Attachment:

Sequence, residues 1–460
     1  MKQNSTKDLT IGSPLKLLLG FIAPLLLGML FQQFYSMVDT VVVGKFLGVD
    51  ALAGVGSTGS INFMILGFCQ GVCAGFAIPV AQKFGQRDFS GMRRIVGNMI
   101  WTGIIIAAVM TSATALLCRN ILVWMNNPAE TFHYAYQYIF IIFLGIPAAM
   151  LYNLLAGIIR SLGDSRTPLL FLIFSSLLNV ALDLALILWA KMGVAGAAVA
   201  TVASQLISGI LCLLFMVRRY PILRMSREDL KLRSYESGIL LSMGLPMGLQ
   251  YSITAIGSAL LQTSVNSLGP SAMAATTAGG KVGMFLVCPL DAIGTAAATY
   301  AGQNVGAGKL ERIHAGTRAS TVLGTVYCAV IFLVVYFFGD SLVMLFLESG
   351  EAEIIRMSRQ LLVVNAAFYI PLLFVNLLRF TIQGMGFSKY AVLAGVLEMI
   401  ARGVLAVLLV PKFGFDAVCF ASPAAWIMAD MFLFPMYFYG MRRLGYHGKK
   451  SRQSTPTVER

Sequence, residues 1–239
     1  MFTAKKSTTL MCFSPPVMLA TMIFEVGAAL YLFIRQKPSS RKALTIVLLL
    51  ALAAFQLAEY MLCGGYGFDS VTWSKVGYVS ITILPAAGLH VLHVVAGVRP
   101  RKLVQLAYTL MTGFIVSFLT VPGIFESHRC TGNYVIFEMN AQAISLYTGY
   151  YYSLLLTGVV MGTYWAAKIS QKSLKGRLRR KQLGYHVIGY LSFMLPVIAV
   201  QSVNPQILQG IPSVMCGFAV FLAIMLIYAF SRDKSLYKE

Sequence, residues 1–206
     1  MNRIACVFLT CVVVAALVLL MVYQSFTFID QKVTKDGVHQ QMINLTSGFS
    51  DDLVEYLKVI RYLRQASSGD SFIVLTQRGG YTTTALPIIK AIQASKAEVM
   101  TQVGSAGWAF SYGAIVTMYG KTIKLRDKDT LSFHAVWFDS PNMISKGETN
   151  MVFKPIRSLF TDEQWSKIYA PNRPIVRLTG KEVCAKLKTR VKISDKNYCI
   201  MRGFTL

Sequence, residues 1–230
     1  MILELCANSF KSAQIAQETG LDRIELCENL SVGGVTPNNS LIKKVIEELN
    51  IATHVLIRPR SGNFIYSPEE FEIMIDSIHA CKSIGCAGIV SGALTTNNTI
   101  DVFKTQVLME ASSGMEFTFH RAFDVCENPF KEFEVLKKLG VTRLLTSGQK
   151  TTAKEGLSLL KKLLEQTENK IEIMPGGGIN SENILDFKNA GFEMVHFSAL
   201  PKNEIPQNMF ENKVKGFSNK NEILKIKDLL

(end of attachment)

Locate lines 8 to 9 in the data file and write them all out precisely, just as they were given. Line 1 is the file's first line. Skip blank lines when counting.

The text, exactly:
   301  AGQNVGAGKL ERIHAGTRAS TVLGTVYCAV IFLVVYFFGD SLVMLFLESG
   351  EAEIIRMSRQ LLVVNAAFYI PLLFVNLLRF TIQGMGFSKY AVLAGVLEMI